Temporomandibular disorders (TMD) occur as a result of problems with the jaw, jaw joint, and surrounding facial muscles that control chewing and moving the jaw. These disorders are often incorrectly called TMD, which stands for temporomandibular joint.
What Is the Temporomandibular Joint (TMD)?
The temporomandibular joint (TMD) is the hinge joint that connects the lower jaw (mandible) to the temporal bone of the skull, which is immediately in front of the ear on each side of your head. The joints are flexible, allowing the jaw to move smoothly up and down and side to side and enabling you to talk, chew, and yawn. Muscles attached to and surrounding the jaw joint control the position and movement of the jaw.
What Causes TMD?
The cause of TMD is not always clear, but dentists believe that symptoms arise from problems with the muscles of the jaw or with the parts of the joint itself.
Injury to the jaw, temporomandibular joint, or muscles of the head and neck — such as from a heavy blow or whiplash — can cause TMD. Other possible causes include:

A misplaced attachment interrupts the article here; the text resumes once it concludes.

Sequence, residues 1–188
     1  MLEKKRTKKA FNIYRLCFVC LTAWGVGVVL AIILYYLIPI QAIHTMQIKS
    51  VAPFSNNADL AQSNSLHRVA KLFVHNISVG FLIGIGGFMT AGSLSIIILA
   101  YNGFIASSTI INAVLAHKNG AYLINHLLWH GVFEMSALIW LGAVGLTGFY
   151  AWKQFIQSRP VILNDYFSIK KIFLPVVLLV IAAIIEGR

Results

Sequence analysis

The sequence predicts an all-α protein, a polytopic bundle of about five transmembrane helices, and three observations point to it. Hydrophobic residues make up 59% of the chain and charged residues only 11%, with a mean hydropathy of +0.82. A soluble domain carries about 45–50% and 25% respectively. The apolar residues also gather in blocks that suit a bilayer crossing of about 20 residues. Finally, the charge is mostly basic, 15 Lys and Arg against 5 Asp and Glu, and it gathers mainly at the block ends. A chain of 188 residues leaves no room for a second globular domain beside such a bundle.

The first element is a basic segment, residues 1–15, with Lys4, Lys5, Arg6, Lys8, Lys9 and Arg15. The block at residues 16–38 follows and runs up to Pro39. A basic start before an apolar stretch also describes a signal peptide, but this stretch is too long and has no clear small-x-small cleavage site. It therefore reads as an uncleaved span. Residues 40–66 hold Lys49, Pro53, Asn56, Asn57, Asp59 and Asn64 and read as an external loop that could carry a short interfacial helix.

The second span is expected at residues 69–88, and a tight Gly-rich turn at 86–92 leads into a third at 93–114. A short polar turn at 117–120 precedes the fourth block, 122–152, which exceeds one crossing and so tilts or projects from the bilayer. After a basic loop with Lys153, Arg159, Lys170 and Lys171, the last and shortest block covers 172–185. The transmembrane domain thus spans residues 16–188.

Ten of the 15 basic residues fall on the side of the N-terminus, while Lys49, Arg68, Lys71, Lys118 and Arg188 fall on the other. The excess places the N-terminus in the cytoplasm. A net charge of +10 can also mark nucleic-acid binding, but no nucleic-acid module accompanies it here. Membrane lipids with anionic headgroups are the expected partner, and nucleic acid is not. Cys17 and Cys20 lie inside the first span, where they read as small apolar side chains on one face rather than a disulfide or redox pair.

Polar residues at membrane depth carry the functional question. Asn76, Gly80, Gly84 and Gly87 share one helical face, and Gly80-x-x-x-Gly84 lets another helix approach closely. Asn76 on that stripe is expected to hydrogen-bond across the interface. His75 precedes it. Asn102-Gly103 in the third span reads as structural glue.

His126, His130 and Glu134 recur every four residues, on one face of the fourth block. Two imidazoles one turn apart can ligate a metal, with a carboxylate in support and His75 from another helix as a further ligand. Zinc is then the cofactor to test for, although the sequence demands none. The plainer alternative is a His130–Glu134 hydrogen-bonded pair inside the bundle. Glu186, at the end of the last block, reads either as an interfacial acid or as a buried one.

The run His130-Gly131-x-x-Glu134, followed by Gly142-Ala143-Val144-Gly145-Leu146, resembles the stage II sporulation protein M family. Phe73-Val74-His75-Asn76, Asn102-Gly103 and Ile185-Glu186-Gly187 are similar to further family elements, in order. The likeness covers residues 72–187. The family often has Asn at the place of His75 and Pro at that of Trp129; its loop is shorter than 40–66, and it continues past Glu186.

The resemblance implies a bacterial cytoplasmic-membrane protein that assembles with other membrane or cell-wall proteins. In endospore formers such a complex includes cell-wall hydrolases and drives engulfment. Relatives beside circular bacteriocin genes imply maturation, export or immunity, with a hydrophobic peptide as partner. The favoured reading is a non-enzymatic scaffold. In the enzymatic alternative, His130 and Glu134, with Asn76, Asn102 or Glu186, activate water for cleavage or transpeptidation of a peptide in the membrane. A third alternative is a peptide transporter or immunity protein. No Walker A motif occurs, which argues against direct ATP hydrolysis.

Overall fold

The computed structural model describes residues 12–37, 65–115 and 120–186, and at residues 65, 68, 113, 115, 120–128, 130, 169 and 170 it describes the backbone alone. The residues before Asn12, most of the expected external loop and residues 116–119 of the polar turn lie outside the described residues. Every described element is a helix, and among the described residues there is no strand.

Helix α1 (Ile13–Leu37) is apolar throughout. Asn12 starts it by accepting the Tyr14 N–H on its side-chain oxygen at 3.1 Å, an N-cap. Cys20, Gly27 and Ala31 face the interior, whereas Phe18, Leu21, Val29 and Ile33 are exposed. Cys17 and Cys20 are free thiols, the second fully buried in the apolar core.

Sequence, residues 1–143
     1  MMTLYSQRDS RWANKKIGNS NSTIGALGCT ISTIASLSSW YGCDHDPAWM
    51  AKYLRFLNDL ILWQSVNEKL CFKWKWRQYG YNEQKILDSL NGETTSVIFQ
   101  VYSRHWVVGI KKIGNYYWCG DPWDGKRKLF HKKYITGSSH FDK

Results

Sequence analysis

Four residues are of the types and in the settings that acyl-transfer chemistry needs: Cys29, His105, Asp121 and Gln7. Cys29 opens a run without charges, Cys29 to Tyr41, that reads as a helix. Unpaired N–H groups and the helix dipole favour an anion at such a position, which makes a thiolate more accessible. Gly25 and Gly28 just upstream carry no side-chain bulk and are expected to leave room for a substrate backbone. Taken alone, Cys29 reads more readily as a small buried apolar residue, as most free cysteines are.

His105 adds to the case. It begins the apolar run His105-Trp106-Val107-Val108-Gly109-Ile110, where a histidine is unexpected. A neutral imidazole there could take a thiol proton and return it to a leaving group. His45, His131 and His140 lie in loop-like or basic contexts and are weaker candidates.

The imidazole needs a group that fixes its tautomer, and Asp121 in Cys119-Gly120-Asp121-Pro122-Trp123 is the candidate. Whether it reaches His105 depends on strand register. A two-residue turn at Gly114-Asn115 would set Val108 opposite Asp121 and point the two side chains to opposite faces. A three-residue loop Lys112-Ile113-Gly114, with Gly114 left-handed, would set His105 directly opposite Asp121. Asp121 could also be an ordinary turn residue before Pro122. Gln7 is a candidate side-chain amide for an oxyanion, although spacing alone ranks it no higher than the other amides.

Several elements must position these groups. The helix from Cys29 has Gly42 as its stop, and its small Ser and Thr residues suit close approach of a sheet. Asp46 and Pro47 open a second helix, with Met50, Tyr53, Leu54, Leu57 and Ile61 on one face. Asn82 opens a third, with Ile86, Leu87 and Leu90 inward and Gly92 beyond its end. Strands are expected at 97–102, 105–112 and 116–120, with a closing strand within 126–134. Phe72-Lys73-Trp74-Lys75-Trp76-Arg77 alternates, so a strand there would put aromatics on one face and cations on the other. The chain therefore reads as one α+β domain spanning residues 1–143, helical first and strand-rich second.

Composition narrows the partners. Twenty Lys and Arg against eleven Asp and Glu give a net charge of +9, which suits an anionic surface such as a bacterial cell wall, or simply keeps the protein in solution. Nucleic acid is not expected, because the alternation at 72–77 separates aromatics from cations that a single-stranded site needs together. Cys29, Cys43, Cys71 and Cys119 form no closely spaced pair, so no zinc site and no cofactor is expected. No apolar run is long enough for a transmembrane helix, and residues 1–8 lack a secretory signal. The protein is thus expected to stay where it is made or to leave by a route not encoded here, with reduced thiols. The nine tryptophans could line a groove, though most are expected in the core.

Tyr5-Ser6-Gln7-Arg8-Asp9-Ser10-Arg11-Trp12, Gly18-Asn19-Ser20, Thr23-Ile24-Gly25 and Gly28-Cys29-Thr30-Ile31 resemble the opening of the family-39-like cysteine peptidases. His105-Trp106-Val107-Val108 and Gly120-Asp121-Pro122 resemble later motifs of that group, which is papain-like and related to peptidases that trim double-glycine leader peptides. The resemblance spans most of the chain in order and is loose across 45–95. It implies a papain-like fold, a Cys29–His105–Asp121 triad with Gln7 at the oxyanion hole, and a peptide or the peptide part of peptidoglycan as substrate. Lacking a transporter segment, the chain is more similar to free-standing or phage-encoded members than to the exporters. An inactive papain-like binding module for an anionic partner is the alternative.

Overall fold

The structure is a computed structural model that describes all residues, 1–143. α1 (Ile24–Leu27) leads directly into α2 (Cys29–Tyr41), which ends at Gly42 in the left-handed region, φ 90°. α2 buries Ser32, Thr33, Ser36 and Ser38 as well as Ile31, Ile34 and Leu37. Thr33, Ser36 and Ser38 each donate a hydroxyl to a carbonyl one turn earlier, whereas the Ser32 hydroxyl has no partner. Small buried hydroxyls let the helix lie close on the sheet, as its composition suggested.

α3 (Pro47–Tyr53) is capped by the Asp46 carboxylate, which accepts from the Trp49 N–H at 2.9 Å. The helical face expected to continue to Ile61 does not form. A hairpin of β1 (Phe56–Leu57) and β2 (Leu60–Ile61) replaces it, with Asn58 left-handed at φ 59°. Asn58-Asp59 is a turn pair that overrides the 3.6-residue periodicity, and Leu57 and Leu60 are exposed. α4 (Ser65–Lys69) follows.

- Grinding or clenching the teeth, which puts a lot of pressure on the TMD
- Dislocation of the soft cushion or disc between the ball and socket
- Presence of osteoarthritis or rheumatoid arthritis in the TMD
- Stress, which can cause a person to tighten facial and jaw muscles or clench the teeth
Treatments for TMD range from simple self-care practices and conservative treatments to injections and surgery. Most experts agree that treatment should begin with conservative, nonsurgical therapies, with surgery left as the last resort. Some of these treatments may include occlusal guard therapy, medications, massage and/or physical therapy, orthodontic treatment and changes in diet.
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